With this story, along with the other workshop piece—titled “Neon Lights”—the author seeks to contribute to the growing body of Philippine HIV/AIDS writing. This tradition is distinguished not only by its “ontological break” from the first wave of (mostly Western) AIDS literature—written in the 1980s and 90s, when the disease was untreatable and amounted to a death sentence—but also by its being grounded in the realities of contemporary HIV-positive Filipinos (some of whom have come to call themselves “Pozzie Pinoys”). Pescador’s stories exemplify two different aesthetic approaches to the same empirical subject matter—camp and fragmentary on the one hand, and humanistic and organic on the other—but they share in the same political interest to challenge the stigma associated with the disease, and to show just how the way of mindful empathy, which is the way of art, is a viable way in which to live in full dignity with it. Though stylistically divergent, both stories are arguably stories of character, and are in their own ways beautifully realized and memorable. In the end, the workshop enjoined the author to consider rounding his queer characters further, by granting them agential action within their complex purview of choices, including those that seem to be more overinvested and underexplained (because, for instance, socioeconomically overdetermined).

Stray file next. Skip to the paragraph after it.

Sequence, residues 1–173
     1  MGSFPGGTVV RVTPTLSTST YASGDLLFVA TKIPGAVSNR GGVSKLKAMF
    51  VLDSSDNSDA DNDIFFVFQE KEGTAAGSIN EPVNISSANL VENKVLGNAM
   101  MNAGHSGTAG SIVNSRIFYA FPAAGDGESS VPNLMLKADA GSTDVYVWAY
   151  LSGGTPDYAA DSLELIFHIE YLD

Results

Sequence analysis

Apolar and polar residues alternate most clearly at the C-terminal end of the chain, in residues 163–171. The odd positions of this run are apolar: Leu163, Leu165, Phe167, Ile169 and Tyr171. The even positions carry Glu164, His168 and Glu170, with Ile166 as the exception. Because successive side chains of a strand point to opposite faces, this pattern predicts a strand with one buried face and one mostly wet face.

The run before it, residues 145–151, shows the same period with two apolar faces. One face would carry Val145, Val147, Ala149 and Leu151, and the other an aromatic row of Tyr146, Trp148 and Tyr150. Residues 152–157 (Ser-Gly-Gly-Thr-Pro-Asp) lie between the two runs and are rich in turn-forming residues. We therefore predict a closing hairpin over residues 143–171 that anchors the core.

In His Own Words: Where I Come From
1, 2, 3, 4, 5, 6, 7, 8, 9, and on and on it goes, as from childhood we are taught to count and measure matters of our existence, but never to infinity. Not only are we unable to count to infinity because it is an unfathomable number, and philosophically, an unquantifiable construct, but because we as mortal beings lead finite lives. It is in this practice of assigning numerical value to concepts and objects that we measure our being and confront our mortality. Some may accuse it fatalistic, but it remains still an undeniable reality that we begin to die the very moment we are born. This truth applies to everyone, and yet, when people might perceive this truth to apply to themselves or to others varies conditionally. From person to person, the realization of mortality arrives at different times and by different catalysts.